Newspaper Article Archive of
The Kalona News
Kalona, Iowa

Newspaper Article Archive of
The Kalona News

November 3, 2017 Dinner menus can be challenging
Article Pages -- as published on the The Kalona News website.

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The motto in my kitchen for meals is basically “take it or leave it.” When the children were small, they were generally good eaters. For the most part, they ate anything I put in front of them.

As they grew and new foods were continually being introduced certain likes and dislikes surfaced. If I was serving them something new they were not allowed to say they didn’t like it unless they had taken several bites and given it a fair chance.

Sometimes, they genuinely didn’t care for certain foods, and it wasn’t always the taste they didn’t like. For Whitney, we learned she has issues with textures of food. Cooked carrots, apples sauce, mashed potatoes, she can only eat a few bites before the texture gets to her, and she cannot finish the serving.

I learned that the hard way.

One evening at supper I became exasperated with her shoving her carrots around and informed her she was not to leave the table until she finished all of them off her plate. After the fourth bite, she started to gag and with the last bite she had to run for the sink, where she lost her entire supper. So that was probably the last time she ever ate cooked carrots.

I solved this situation by serving peas and carrots together. She would sort out all her carrots and give them to Delaney, who would sort out all her peas and dump them on Whitney’s plate. With this exchange, at least, they were both eating vegetables and no food was wasted.

My son Walker will eat anything except Miracle Whip or mayonnaise. Not sure when his taste buds rebelled on that because he ate plenty of sandwiches made with both of those spreads when he was little. Other than this one odd food rejection, he is willing to try anything and will eat everything I put in front of him.

Delaney is my pickiest eater. Her list of foods she doesn’t care for is almost longer than the foods she does like. One big category she dislikes in any shape, form or kind is cheese. She avoids any recipe that calls for any type of cheese. This includes macaroni and cheese, the staple food of American kids.

Many times, when I fixed mac and cheese with cut up hot dogs mixed in with the pasta, she would fish out all the little hot dog pieces and leave the rest of the bowl untouched. She loves melt sandwiches only without the cheese.

I tell her that’s not technically a melt sandwich, because there is nothing to melt. The only pizza she will eat is cheese pizza, which she then proceeds to peel off the layer of cheese and eats the crust with sauce. Try ordering that at a restaurant. “I want a cheese pizza please, hold the cheese.”

Her sister Kinzey, who loves cheese, is always happy for the extra layer to double up on her slice.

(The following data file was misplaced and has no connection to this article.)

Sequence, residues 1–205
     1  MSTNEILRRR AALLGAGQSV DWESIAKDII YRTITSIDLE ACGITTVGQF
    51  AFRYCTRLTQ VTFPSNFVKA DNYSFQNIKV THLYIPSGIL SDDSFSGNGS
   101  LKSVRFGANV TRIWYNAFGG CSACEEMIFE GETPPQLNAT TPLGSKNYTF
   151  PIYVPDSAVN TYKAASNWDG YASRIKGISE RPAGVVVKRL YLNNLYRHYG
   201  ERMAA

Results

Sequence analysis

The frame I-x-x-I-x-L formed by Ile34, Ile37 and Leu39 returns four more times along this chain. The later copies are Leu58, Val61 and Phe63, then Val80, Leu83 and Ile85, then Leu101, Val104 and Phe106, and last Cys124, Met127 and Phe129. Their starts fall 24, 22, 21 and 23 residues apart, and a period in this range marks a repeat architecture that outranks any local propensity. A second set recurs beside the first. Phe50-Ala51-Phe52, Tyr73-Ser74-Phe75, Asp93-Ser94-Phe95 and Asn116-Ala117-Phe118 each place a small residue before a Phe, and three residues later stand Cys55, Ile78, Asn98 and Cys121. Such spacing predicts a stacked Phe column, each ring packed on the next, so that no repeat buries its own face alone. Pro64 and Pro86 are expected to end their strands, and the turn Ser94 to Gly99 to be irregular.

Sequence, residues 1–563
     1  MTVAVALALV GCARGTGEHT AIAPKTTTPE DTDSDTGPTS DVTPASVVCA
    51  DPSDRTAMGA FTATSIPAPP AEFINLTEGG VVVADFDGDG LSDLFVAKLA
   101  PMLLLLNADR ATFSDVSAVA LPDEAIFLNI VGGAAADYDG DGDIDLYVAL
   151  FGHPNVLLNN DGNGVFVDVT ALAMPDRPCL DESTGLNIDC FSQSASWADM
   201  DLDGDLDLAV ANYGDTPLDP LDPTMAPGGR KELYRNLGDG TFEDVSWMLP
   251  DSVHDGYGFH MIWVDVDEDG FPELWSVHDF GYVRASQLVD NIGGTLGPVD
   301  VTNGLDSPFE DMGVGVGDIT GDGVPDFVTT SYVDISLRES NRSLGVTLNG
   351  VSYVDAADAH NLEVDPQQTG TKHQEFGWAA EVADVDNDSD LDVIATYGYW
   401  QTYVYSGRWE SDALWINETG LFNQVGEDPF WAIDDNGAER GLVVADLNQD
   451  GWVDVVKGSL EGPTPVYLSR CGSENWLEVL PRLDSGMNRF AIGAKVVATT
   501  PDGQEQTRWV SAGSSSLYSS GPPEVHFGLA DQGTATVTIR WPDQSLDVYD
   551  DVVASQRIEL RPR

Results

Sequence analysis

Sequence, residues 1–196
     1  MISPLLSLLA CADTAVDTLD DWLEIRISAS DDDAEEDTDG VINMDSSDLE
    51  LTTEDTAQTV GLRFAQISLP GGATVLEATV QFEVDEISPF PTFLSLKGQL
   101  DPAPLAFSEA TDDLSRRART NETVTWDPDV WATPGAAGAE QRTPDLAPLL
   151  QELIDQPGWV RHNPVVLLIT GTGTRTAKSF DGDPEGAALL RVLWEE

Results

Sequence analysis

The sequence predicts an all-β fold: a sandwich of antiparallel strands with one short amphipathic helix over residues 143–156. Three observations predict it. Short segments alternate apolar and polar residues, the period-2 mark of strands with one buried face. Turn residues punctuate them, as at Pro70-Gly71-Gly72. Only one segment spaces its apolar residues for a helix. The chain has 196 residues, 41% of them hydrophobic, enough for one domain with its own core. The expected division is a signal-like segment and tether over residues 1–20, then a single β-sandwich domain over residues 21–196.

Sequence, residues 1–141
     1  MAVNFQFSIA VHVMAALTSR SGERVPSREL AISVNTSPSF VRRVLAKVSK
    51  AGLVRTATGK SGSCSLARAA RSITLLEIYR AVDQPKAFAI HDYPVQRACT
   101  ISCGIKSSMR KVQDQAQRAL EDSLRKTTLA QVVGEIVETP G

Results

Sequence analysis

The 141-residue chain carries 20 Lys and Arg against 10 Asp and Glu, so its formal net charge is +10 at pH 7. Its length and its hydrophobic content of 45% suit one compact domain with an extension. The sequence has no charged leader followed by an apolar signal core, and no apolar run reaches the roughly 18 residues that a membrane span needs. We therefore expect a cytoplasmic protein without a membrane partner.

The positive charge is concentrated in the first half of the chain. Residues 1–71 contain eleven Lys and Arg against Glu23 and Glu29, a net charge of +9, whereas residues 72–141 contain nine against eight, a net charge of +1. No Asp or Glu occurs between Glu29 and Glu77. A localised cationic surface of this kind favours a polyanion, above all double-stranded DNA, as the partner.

Kinzey, who ate anything and everything for me, throughout her entire elementary years, suddenly decided in her freshman year, that she did not like my goulash or creamed chicken gravy over biscuits. These are two of my staple recipes and loved by everyone else in the family.

However, she loves salads so on the nights I serve these meals I make sure I have a side salad and jam bread and she is perfectly happy to eat the sides and skip the main course.

Jaicey is a lover of food, and usually has no complaints. This may have to do with the fact, that as the youngest, she has seen my exasperation and frustration with the older ones when they voice their displeasure at one menu choice or another.

Her only complaints are when I inadvertently serve the same meal at suppertime as their school lunch. This happens more frequently than what the odds should dictate I would think, but not being the best mathematician what do I know.

They do assure me it is always better than the schools version, no offense intended to any of the school cooks. I realize I have better material to work with.

It’s difficult keeping up with seven different people’s random changes of taste. Regardless of their palette quirks, one thing that doesn’t change is our pattern of eating our suppertime meal together as a family.

It may not seem important to them now, but someday they will look back on these mealtimes with fond memories. They may not remember what the conversations were about or what food was served, but they will remember the feelings of safety, security, family, love, and especially the laughter of which there is always plenty.

When the kids ask me “What’s for dinner?” my reply can always be “A large serving of family togetherness, with a side of laughter, and dessert of course, is always love.”

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